Cook County sheriff: Mother suspected Gacy killed her son

  • Cook County Sheriff Tom Dart announces the identification of one of John Wayne Gacy's victims as James Haakenson of Minnesota.

    Cook County Sheriff Tom Dart announces the identification of one of John Wayne Gacy's victims as James Haakenson of Minnesota. courtesy of the Chicago Sun-Times

  • James Haakenson

    James Haakenson

  • John Wayne Gacy

    John Wayne Gacy

 
 
Updated 7/19/2017 5:34 PM

A 16-year-old Minnesota runaway has been identified as one of the eight previously unknown victims of notorious serial killer John Wayne Gacy.

In a news release, the Cook County sheriff's department said the remains of a person whose body was found under the crawl space of Gacy's Norwood Township home in 1978 were those of 16-year-old James "Jimmie" Byron Haakenson. The teenager had left his home in 1976 and was last heard from in August of that year when he called his mother and told her he was in Chicago.

 

In 2011, the eight unidentified victims were exhumed at the behest of Cook County Sheriff Tom Dart in an effort to identify them using DNA technology that wasn't available when Gacy was caught in 1978.

Haakenson is the second of the eight young white men and boys to be identified since then.

Haakenson's siblings submitted DNA samples that were used to positively identify his remains. Detectives also reexamined other items and reports taken nearly 40 years ago to confirm Haakenson's identity.

It is believed Haakenson was killed in early August 1976. He contacted his mother by phone Aug. 5, 1976, the last time anyone heard from him. Two other young men found in the same grave as Haakenson, another unidentified victim and Rick Johnston, were believed to have been killed around the same time. Johnston's last known contact occurred Aug. 6, 1976.

Dart said Haakenson's mother, who has since died, believed her son might have been a victim of Gacy as far back as 1979, but dental records weren't available, and that was the main scientific method used to determine identities at the time.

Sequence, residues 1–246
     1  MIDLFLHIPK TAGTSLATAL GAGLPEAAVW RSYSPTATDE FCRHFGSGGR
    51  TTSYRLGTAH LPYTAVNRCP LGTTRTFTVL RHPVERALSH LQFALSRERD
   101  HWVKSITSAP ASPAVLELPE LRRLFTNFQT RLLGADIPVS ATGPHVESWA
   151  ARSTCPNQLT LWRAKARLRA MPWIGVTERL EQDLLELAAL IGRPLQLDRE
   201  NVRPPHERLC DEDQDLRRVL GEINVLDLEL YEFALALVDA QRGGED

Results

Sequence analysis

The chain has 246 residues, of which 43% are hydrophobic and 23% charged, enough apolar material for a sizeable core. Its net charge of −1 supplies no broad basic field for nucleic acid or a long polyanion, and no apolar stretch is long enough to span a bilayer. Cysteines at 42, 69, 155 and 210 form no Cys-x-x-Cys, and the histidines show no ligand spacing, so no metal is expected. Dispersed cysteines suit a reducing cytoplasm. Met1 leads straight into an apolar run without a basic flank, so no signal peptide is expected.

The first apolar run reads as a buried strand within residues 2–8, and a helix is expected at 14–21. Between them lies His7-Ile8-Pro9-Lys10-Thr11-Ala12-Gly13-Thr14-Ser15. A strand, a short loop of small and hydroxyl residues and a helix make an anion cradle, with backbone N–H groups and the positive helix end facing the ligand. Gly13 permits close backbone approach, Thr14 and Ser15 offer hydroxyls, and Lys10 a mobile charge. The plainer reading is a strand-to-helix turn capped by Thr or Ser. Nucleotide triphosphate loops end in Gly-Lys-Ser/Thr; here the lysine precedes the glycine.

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Gacy was executed in 1994, after his conviction 14 years earlier for the murders of 33 young men and boys. His crimes were infamous not only for the number of victims but also for Gacy's frequent performances as a clown named Pogo at children's parties.

In 1972 he began killing victims between the ages of 14 and 21, authorities said. Gacy buried most of their bodies in a crawl space under his now-demolished home in an unincorporated part of the county near Des Plaines. When he ran out of room under his house, he began discarding the bodies in the Des Plaines River. Four bodies were recovered from the river, though Gacy claimed he dumped five.

Gacy was caught and confessed to his crimes in late December 1978 after the disappearance of 15-year-old Robert Piest. Gacy lured Piest to his death under the guise of hiring him for a construction job. Des Plaines police worked a lead from a pharmacy where Piest worked to determine Gacy had offered his victim a construction job while visiting the pharmacy.

Police eventually secured a search warrant for the house and found many suspicious items, which led to round-the-clock surveillance, ultimately leading to Gacy breaking down and confessing to his lawyers.

Dart's renewed investigation into Gacy's unidentified victims has also solved four cold cases that were not related to Gacy and located five missing people who were still alive and two who had died elsewhere in the U.S. For example, in 2013, Dart announced that thanks to the DNA collection in the Gacy case, investigators were able to identify remains found in a wooded area in New Jersey as a teenager who ran away from a nearby orphanage in 1972.

• The Associated Press contributed to this story

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